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Biochemical and biological characterization of a novel anti-aromatase coumarin derivative.

Estrogen stimulates the proliferation of estrogen receptor (ER)-positive breast cancer cells. Aromatase is the enzyme responsible for the conversion of androgens into estrogens, and synthetic aromatase inhibitors such as letrozole, anastrozole, and exemestane have proven to be effective endocrine regimens for ER-positive breast cancer. In a recent study, we have found that 4-benzyl-3-(4'-chlorophenyl)-7-methoxycoumarin is a potent competitive inhibitor of aromatase with respect to the androgen substrate. Its K(i) value was determined to be 84 nm, significantly more potent than several known aromatase inhibitors. The specific interaction of this compound with aromatase was further demonstrated by the reduction of its binding by several mutations at the active site region of aromatase and evaluated by computer modeling analysis. The structure-activity studies have revealed that three functional groups (i.e. 3-(4'-chlorophenyl), 4-benzyl, and 7-methoxyl) of this coumarin are important in its inhibition of aromatase. In addition, through a matrigel thread three-dimensional cell culture, this compound was shown to behave like known aromatase inhibitors that suppress the proliferation of aromatase and estrogen receptor positive MCF-7aro breast cancer cells. This coumarin has been shown not to be cytotoxic at up to 40 mum. It was found not to be an inhibitor of steroid 5alpha-reductase that also utilizes androgen as the substrate and not to be a ligand of ERalpha, ERbeta, estrogen-related receptors, or androgen receptor. These results demonstrate that coumarins (a common type of phytochemical) or their derivatives can be potent inhibitors of aromatase and may be useful in suppressing aromataseand ER-positive breast tumors.[1]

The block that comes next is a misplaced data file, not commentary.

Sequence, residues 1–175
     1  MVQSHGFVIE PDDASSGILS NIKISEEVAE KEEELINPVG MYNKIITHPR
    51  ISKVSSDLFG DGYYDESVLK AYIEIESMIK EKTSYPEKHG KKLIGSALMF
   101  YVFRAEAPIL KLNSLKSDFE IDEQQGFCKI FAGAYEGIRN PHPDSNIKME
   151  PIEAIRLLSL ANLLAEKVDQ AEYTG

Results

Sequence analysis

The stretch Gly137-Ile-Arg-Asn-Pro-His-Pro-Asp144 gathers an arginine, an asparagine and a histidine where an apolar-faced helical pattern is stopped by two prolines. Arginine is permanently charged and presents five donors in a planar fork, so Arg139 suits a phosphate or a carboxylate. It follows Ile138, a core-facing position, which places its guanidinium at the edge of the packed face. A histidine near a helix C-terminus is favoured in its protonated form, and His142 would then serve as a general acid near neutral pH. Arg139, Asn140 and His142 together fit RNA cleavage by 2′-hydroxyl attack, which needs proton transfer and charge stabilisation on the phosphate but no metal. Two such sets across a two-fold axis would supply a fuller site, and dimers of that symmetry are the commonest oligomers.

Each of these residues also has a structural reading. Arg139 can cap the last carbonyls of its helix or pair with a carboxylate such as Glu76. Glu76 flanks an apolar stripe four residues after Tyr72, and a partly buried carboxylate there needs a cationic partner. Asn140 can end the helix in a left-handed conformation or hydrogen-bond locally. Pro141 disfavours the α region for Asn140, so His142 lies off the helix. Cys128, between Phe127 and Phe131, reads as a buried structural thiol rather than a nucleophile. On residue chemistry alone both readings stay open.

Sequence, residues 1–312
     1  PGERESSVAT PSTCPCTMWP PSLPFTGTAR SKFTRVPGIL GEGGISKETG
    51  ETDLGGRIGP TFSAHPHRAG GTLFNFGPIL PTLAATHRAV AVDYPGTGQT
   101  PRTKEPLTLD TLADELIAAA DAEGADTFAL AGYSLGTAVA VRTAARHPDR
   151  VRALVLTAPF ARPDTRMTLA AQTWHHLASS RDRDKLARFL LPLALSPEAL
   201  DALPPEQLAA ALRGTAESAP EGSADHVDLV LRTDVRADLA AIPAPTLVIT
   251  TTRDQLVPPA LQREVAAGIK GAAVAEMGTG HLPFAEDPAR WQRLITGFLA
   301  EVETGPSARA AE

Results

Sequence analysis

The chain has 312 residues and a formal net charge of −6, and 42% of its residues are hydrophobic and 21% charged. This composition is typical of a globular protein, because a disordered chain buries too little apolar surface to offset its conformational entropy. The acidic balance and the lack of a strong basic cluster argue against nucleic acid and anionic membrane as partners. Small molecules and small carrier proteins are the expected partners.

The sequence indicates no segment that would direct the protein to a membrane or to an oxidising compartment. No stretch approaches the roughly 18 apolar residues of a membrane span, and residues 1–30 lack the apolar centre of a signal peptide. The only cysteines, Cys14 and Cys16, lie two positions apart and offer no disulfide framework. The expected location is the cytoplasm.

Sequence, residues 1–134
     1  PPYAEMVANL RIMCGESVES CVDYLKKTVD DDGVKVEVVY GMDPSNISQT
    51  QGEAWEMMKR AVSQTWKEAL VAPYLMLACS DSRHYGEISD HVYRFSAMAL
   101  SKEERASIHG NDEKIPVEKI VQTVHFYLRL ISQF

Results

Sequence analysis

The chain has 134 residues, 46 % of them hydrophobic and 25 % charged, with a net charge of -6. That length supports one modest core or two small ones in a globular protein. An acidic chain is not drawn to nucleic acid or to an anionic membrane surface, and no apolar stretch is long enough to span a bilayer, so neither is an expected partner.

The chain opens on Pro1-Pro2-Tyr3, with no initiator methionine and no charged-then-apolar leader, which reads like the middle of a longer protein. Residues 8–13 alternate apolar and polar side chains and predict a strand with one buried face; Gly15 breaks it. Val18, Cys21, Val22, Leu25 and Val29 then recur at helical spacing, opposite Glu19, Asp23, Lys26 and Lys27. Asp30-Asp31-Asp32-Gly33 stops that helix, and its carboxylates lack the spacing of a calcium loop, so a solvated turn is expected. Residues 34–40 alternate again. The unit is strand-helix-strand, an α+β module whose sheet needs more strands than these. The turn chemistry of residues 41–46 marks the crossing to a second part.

References

  1. Biochemical and biological characterization of a novel anti-aromatase coumarin derivative. Chen, S., Cho, M., Karlsberg, K., Zhou, D., Yuan, Y.C. J. Biol. Chem. (2004) [Pubmed]
 
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